The true test for the Minnesota Twins will come after the all-star break when they play 11 consecutive games against the Toronto Blue Jays and the New York Yankees. Presumably, they'll still be in first place then and, presumably, the California Angels will be about to make a charge.
If the Twins fold, a lot of people wouldn't be surprised. If they don't, one of baseball's best stories in 1987 will get even better.
Just about all the other 25 teams spent last winter looking for pitching, and not too many people blinked when the Twins signed free agent Juan Berenguer.
Six months later, that looks like one of the steals of the winter. Not only has Berenguer gone 5-0 with a 2.93 earned run average, he already has pitched 67 2/3 innings with 27 walks and 78 strikeouts. Berenguer, Keith Atherton and George Frazier have a combined 14-3 record and have been effective enough that Manager Tom Kelly has been able to keep from burning out short man Jeff Reardon.
To show that pitching help sometimes comes from unexpected places, Berenguer was the biggest, but not the only bargain for the Twins. Atherton came from Oakland for pitcher Eric Broersma, and Frazier was a bonus in a trade that allowed the Twins to dump erratic Ron Davis on the Cubs.
As the weekend began, a lot of people still didn't know what to make of them, especially after they ran off a 15-3 streak against Milwaukee, Kansas City and three losing teams. Still, as the weekend began, they were 13 games above .500 for the first time since 1979.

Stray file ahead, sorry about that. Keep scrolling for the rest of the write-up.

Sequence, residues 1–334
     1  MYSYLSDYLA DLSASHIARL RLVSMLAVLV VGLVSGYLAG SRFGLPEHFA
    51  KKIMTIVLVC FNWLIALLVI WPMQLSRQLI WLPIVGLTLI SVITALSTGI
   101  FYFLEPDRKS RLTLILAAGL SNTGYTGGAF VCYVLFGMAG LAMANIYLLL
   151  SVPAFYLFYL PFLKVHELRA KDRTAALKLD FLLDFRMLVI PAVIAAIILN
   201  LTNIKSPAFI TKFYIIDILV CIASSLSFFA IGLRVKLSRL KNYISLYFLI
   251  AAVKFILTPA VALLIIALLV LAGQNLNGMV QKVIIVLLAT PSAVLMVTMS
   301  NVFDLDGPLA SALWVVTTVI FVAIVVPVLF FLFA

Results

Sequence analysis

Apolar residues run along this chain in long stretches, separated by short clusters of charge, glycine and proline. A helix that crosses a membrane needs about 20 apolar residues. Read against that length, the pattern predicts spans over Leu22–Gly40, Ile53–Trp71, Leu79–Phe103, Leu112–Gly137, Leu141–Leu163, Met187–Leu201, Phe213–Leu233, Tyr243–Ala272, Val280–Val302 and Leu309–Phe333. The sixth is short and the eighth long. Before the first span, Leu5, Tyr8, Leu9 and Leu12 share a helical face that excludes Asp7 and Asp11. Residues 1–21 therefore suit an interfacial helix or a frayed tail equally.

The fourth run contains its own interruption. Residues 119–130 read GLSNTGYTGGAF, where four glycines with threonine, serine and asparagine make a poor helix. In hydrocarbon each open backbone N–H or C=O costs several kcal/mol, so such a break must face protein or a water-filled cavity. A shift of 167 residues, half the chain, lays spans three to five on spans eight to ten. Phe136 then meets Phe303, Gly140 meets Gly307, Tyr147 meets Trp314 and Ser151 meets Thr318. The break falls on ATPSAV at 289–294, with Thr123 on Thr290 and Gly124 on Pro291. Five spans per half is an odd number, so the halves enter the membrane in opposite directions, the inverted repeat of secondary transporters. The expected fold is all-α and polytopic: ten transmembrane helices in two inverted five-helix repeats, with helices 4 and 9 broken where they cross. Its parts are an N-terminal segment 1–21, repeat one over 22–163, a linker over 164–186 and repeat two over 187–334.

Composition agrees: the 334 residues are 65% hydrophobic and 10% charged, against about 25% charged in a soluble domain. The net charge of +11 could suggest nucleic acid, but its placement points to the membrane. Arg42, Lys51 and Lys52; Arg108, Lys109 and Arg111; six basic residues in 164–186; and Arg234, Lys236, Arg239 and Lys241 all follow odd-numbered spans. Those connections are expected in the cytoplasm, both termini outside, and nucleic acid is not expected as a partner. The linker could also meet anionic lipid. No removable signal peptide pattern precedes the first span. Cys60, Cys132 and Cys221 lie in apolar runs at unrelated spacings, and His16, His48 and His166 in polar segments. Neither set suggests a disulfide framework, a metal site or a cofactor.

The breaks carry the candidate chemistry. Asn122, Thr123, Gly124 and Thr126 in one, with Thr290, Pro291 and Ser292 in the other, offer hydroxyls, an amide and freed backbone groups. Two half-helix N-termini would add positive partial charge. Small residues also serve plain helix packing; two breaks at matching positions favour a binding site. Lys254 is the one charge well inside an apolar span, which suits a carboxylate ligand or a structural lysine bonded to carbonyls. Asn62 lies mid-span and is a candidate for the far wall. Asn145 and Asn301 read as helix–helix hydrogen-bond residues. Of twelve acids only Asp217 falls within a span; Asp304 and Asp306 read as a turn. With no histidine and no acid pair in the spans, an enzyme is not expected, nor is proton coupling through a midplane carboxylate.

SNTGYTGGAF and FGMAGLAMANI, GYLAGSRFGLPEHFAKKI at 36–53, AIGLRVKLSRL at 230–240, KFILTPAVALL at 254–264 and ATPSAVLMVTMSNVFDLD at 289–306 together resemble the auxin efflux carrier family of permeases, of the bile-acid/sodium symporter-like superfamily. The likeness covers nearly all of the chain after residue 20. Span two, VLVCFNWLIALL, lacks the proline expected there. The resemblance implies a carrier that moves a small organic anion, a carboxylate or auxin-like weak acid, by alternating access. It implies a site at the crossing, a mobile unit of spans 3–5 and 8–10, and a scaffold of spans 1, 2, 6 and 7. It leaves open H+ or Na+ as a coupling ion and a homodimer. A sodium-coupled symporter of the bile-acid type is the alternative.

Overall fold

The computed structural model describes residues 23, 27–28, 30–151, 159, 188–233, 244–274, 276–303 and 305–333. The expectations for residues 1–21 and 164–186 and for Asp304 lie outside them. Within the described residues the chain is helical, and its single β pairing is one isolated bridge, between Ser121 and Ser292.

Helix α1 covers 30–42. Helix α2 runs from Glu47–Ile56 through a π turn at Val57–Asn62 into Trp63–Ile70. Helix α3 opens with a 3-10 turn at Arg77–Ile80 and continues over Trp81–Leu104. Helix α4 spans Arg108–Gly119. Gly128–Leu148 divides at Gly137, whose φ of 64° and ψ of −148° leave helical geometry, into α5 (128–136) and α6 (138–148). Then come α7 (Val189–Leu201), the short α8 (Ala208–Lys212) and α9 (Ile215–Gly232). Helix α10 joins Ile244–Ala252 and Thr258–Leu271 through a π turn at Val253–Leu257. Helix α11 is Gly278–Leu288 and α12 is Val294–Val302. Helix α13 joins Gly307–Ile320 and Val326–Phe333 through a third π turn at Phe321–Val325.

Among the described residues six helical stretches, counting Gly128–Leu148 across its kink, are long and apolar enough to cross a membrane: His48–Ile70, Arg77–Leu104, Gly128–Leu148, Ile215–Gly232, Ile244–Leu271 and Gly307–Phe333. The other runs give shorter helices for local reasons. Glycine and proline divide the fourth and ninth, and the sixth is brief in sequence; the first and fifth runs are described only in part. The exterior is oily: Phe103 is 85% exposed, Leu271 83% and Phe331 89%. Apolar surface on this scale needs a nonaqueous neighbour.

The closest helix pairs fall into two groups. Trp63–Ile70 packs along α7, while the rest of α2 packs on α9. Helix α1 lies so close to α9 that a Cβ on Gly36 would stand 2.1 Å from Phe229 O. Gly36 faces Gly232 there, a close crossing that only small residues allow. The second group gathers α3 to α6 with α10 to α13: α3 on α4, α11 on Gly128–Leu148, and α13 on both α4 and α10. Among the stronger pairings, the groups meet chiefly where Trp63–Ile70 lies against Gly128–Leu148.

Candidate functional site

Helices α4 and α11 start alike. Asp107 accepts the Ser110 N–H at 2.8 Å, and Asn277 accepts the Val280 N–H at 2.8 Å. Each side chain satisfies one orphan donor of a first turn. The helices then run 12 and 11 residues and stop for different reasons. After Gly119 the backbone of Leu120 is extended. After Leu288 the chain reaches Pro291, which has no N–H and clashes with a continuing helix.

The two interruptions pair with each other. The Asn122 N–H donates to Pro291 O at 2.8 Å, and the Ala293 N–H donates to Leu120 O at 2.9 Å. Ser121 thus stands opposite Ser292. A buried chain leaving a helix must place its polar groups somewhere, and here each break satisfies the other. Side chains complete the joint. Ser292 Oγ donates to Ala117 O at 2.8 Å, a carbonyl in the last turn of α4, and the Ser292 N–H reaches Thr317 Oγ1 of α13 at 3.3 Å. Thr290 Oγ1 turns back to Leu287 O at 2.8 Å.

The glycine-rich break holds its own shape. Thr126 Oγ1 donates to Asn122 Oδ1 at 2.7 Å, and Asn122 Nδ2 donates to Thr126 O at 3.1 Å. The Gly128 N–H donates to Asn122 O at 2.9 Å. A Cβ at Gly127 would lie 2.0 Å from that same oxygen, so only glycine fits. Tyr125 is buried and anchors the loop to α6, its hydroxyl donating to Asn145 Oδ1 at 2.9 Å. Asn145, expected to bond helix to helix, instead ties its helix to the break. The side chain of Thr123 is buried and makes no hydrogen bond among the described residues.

The Twins are at least surviving, which is more than can be said for the Kansas City Royals. Since fifth starter Bud Black went down with an injury, the Royals have had to throw Bob Stoddard in for a start and Rick Anderson in for another. They've been outscored by 19-1 in those games and will be forced to use Anderson against the Twins this week.Bo Jackson Benched
Meanwhile, Bo Jackson has gone to the bench after striking out 28 times in 15 games. He's another reason the Royals have slid from a five-game lead in the AL West to a five-game deficit in a month . . . The Texas Rangers came off a 5-2 West Coast trip, but, just when they thought they might make a move, they were swept by the Angels in Texas. In that series, all the Rangers' problems hit them square in the face again. They made eight errors, they went two for 27 with runners in scoring position and their pitchers started six innings with walks. All six batters scored.
One of the Rangers' lone bright spots is reliever Dale Mohorcic. His nine-year minor league career ended last year and, in 22 games this year, he has allowed five earned runs and four walks in 33 2/3 innings. That figures to a 1.34 ERA, and he has blown only two of 11 save chances . . . Best bad matchup: Texas' Charlie Hough vs. the California Angels. He has a 2.86 career ERA against them but only a 5-8 record . . .
Ron Darling still hasn't won since April 22, but this week he gave the New York Mets hope that his troubles are behind him. He went eight innings and allowed four earned runs in a loss to the Chicago Cubs, but more important was his style. He dropped the forkball and offspeed stuff and went back to being a fastball-curveball pitcher. With Dwight Gooden pitching well and Sid Fernandez at least dependable, the Mets may yet make a run at the St. Louis Cardinals . . .